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Tomatoes in San Diego

Somewhere on these board I saw a discussion about tomatoes to rival San Marzano and where to find them in San Diego. Can't find the thread with a search.
Any info? Interested in canned and fresh.

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  1. Henry's has imported canned San Marzano tomatoes, last time I checked. They are a little sweeter than good Roma/Plumb tomatoes from California.

    Personally, I didn't find the difference to be worth the price, and I don't like the idea of shipping pounds of tomatoes across the Atlantic when we grown nice ones a few hours north.

    During those few weeks in summer when local tomatoes are truly ripe, the local farmers' markets are a great place to buy fresh tomatoes. Otherwise, canned are almost always better.

    1. For canned San Marzano, the brand is Glen Muir (I think) and it's carried by Henry's for sure, and most likely Trader Joe's and Whole Foods. I'm not sure if you can buy them fresh here, because they have to be grown in Italy.

      4 Replies
      1. re: hoosfoos

        Not TJ's, at least not the Hillcrest location. But Whole Foods is probably a safe bet... they own Henry's, now.

        1. re: Joseph

          they own henry's now!? hopefully henry's costs will still stay down =( what a great source for veggies and fruit when i'm not near 99 ranch market

          http://clayfood.blogspot.com

          1. re: clayfu

            Whole Foods purchased Henry's last week. Not sure if the transaction has been completed or not. According to the article in last week's U/T not all stores will remain open and many of the remaining stores will be remodeled and repositioned.

            1. re: DiningDiva

              Whole Foods purchased Wild Oats, which had purchased Henry's a couple of years ago. You might have noticed that Henry's stores were slowly being upgraded with better gourmet selections. That was the Wild Oats influence. I was offered a job with Henry's at the time doing their in-store marketing, but ultimately wiht the purchase by Wild Oats, the job moved to Boulder and I did not.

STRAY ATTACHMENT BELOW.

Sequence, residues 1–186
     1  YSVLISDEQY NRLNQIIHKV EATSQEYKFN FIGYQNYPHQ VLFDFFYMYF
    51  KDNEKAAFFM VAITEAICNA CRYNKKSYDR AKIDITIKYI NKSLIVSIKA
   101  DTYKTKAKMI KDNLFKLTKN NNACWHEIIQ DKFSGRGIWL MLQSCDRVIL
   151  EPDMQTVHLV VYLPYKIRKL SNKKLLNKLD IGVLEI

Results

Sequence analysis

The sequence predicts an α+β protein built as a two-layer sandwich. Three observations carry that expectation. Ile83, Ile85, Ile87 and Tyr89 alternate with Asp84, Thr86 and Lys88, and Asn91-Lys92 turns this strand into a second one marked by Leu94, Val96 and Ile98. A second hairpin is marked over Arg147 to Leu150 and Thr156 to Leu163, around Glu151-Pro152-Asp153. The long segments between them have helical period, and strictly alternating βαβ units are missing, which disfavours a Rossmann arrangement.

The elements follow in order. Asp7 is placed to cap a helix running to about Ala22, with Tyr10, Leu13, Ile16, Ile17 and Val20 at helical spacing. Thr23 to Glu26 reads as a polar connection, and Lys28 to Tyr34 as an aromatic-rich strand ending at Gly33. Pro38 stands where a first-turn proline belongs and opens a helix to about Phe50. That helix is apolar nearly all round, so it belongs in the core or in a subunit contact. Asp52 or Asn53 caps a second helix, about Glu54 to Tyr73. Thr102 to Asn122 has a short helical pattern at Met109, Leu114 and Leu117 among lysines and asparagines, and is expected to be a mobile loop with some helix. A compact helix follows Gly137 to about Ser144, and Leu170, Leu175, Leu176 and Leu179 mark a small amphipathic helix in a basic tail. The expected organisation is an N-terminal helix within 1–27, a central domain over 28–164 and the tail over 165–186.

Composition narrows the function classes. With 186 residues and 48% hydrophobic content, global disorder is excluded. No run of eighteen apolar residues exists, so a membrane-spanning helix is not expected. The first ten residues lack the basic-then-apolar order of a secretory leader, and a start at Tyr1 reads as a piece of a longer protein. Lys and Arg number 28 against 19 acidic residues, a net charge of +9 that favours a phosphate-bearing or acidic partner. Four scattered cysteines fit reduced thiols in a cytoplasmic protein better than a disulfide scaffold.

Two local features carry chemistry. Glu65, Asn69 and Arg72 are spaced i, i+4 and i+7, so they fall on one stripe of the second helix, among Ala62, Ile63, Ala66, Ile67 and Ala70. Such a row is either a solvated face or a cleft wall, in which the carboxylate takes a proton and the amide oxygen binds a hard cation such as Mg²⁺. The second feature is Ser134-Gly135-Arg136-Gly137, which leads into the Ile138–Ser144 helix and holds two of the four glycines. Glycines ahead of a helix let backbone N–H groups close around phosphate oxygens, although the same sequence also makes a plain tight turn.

I don't see that Henry's "farm market" concept fits with the Whole Foods model, so I wouldn't be suprised if we lose most of what we've all come to love about Henry's.

              On topic: I use a lot of canned tomotoes, and haven't found the San Marzano's (found in Little Italy or Whole Foods) worth the price difference. Most of my use of them is long-cooking, so Progresso works well in that application.

      2. I have seen the canned San Marzano tomatoes at Bristol Farms and Assenti's in Little Italy. They are very expensive, about five bucks a can. San Marzano is actually the brand name and they are imported from Italy. Muir Glen is an organic brand that is carried in Trader Joes (some of the products anyway) and Henry's - among other stores. Not sure about WF, but I wouldn't doubt it.

        I have a hard time believing the San Marzanos are that much better than the Muir Glen - especially when cooked up in a recipe, so I have never bought them - but I've heard that they are sweeter than run of the mill canned tomatoes. I'd be interested to hear from someone who has tried them.

        3 Replies
        1. re: Alice Q

          There is a clear difference between San Marzano and Muir Glen tomatoes. San Marzano have a slightly sweeter more complex taste whereas Muir Glen is a "normal" canned tomatoe like many other brands. I personally only use San Marzano and you get them for a reasonable price (about $1.80 for a small can and about $3.50 for a large can) at WF

          1. re: Alice Q

            I believe San Marzano is a place in Italy known for its tomatoes, according to my cookbook and wikipedia (http://en.wikipedia.org/wiki/San_Marz...) It has a DOP (controlled origin stamp) like Italian cheeses and wines. There are several brands available, from what I can tell.

            I thought the sweet tomatoes I bought, labeled "San Marzano" and "Imported from Italy", were the real thing, but I didn't check for the DOP label.

            1. re: Joseph

              The reason the real Italian tomatoes are sweeter is because they are picked vine ripe and quickly processed to capture and preserve the flavour.

          2. I have tried T.Joe's organic tomatoes and I don't think they're very sweet; in fact, I think most other brands are sweeter. I'm not a fan of T.Joe's other canned tomatoes either because they all have added basil.

            1. I don't think Trader Joes tomatoes are organic. Muir Glen makes several different varieties - I like the fire roasted ones.

              I balked at paying 5 bucks for the San Marzanos, but I will look for them at WF next time I am in. They are specifically recommended in the Sunday Suppers at Lucques cookbook.

              1 Reply
              1. re: Alice Q

                Trader Joe's offers several choices of canned tomatoes, and one of them is organic.

                Hey why not...I guess I'll check out these ones at WF too.